Alcott in action at last season's World Cup finals
Learning to juggle and swivel your hips with a hoola-hoop may not seem the most conventional way to reach the pinnacle of your sport.
But British skier Chemmy Alcott is convinced it will help her achieve her goal of Olympic medal success.
And she is ready to put it to the test with the opening race of the World Cup season, a giant slalom in Soelden, Austria, on Saturday.
She told BBC Sport: "I haven't felt this good going into a season for a long time which is great."
Alcott has spent the summer undergoing physical and mental tests and training in Austria, Argentina and Britain in an attempt to break into the world's top 10.
The 25-year-old had a breakthrough season last year when she halved her world ranking despite coming to terms with the death of her mother.
Alcott also missed pre-season because she underwent foot surgery.
"I only had eight days skiing before the first race so we had no gauge where we were at. I was quite surprised by how well things went."
She is currently ranked 32nd in the world overall - 21st in giant slalom, 27th in downhill and 33rd in super-G.
But she is hoping for much more this season and revealed that a chat with Sir Clive Woodward - the British Olympic Association's performance director - opened her eyes to the science of the sport.
"I thought I was doing everything an elite athlete can do but Sir Clive broadened my horizons, mentioned there were other things I could do to become the best and he told me to look outside the box," she said.
Woodward meticulously planned England's triumph in the 2003 Rugby World Cup and provided players with an abundance of experts to call upon.
Best Olympic result: 12th 2006 downhill
Best World Cup result: 7th, combined, Reiteralm 2007
Best World Champs result: 19th, downhill 2005
And Alcott has managed to secure extra funding to be able to employ people to analyse her skiing as well as her diet, health and well-being. Everything from sleep patterns to what she was eating and when.
"I felt as though I was in a Big Brother box this summer. The guys in the team now know everything about me they need to know!" she said.
"It's just making the most of what I eat and when I eat it and knowing what supplements I need to take."
Alcott admitted she had not taken any supplements, including vitamins, for years since colleague Alain Baxter was stripped of his Olympic bronze after the 2002 Winter Olympics.
The Scot failed a drugs test when an American version of a Vicks nasal inhaler contained a trace of a banned substance not found in the British version.
Alcott said: "With Alain's scare a few years ago, I've been very much an extremist with what I consume, I was paranoid about what would happen."
Another area Alcott has focused on is her feet.
She has had to learn to feel them again as before having foot surgery in 2006, she had to switch off the pain while racing.
It got that bad she could not even tell if she was walking on concrete or grass.
So during the summer, sensors were placed in her boots to help diagnose where the pressure was being exerted.
And along with gym work, which included juggling and hula-hooping, it helped Alcott improve the responses between her brain and her feet.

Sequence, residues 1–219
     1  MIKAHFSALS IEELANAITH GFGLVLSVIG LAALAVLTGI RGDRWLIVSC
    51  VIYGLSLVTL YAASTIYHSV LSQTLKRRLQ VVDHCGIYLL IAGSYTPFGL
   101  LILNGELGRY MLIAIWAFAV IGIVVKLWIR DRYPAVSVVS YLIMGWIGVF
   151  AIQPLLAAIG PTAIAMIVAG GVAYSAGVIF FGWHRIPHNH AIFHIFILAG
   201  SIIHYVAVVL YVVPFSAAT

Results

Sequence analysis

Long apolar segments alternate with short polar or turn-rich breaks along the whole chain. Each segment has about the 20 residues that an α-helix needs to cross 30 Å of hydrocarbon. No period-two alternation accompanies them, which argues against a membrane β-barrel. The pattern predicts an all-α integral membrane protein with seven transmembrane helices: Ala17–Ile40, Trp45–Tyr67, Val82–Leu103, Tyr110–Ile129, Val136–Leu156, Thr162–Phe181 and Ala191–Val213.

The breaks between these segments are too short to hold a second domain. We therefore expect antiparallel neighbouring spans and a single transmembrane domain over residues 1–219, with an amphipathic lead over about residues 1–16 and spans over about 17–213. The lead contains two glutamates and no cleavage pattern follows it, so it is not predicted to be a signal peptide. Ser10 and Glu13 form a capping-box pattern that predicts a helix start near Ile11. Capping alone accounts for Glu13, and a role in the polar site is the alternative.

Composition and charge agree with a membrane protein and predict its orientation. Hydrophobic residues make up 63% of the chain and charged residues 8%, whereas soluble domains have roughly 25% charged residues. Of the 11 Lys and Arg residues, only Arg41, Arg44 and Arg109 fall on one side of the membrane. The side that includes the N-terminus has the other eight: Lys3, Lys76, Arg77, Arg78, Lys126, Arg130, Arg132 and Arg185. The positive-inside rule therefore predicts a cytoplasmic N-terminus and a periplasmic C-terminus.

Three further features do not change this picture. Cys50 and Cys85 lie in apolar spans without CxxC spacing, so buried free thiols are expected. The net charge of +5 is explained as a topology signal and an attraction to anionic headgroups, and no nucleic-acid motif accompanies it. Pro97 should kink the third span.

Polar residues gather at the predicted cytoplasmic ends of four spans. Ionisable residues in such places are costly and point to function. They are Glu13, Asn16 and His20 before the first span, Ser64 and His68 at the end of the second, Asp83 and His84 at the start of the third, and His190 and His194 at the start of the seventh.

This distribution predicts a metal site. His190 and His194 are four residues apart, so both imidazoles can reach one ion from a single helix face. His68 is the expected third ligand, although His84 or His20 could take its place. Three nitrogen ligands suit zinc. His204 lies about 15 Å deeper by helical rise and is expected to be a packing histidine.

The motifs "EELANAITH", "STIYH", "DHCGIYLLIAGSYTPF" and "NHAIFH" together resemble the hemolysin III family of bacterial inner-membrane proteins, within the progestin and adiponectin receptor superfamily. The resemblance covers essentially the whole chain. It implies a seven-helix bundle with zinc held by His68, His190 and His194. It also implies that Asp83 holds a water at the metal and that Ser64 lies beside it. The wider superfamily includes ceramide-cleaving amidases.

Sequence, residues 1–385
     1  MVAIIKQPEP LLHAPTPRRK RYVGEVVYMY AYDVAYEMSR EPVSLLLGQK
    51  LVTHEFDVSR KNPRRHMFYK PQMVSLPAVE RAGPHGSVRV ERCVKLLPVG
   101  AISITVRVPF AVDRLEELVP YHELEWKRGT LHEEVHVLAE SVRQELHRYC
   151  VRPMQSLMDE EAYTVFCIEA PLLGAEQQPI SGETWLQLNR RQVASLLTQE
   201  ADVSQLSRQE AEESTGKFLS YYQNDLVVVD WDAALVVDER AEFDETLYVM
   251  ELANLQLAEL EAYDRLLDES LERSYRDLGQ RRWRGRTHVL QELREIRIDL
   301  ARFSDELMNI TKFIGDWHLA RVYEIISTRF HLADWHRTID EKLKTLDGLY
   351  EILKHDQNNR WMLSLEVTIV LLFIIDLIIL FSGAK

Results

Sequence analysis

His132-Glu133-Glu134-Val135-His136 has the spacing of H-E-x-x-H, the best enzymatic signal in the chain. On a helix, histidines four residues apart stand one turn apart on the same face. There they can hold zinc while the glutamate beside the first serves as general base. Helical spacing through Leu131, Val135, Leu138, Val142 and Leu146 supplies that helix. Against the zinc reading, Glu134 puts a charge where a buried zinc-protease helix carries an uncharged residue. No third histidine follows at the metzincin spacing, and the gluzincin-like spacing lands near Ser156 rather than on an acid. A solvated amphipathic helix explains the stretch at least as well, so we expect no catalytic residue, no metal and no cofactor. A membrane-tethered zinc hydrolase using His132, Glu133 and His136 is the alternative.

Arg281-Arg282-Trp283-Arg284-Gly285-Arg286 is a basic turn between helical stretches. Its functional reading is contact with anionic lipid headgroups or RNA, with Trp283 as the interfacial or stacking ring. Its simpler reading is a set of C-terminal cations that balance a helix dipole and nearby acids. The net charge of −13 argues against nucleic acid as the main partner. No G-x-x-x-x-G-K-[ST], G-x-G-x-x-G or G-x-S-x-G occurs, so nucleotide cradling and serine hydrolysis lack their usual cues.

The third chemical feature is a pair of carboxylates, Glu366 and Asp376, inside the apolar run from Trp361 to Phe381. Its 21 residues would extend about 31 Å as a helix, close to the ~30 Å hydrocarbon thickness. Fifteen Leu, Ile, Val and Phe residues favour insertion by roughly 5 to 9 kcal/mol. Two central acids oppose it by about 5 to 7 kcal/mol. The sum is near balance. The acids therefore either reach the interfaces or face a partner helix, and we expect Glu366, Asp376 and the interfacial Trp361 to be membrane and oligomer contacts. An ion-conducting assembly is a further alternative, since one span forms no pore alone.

"It has benefited me massively," she said.
"It's like skiing in colour now as opposed to black and white!"
But the proof will be when she heads out of the start gate on Saturday.
"I came back from Argentina having had a great camp, talking it up everywhere I went but then realised I was putting a lot of pressure on myself," Alcott said.
"But I am physically and mentally ready but we will just have to wait and see how the first races go."
Alcott's main ambition is to be on the podium at the 2010 Winter Olympics in Vancouver but she is aiming for another leap up the rankings this season.
"I definitely don't want to end this season in the same position as last season, even though it was amazing.
"I think there's a natural progression you aim to make every year and with three years until the next Olympics I am where I want to be."
CHEMMY'S DREAM TEAM
Sports psychologists - Simon Timson and Dave Alred
Timson has worked with Alcott for five years and Alred, who is Jonny Wilkinson's kicking coach, will add his expertise to her mental preparation.
Sensory motor skills - Tag Lamche
The former drummer with Ian Dury and the Blockheads is working on improving her ability to perform several physical tasks at once and develop better bilateral control.
Nutrition - Dr Adam Carey
Provides nutrition advice and what to eat and when. He also advises on supplements she can legally use to enhance her intake and matters like sleep.
Performance movement coach - Joanne Elphinston
Elphinston's job is to help Alcott make the physical movements skiing requires.
Physiotherapist - Jeanette Korten
Provides daily physiotherapy and Alcott also appreciates Korten being a friend and confidante.
Doctor - Dr Charlotte Cowie
She advises Alcott on what is required to keep her in top shape.
Athletic development - Dave Reddin
He oversees Alcott's physical training programme. He worked with Sir Clive Woodward on the successful 2003 Rugby World Cup team.
Ski coaches - Gerhard Greber, Philipp Larl, Mark Tilston and Herbi Frankenhauser
Austrian Greber has been working with Alcott for six years, assisted by Larl and overseen by head coach Tilston. They run her training, preparation and skis.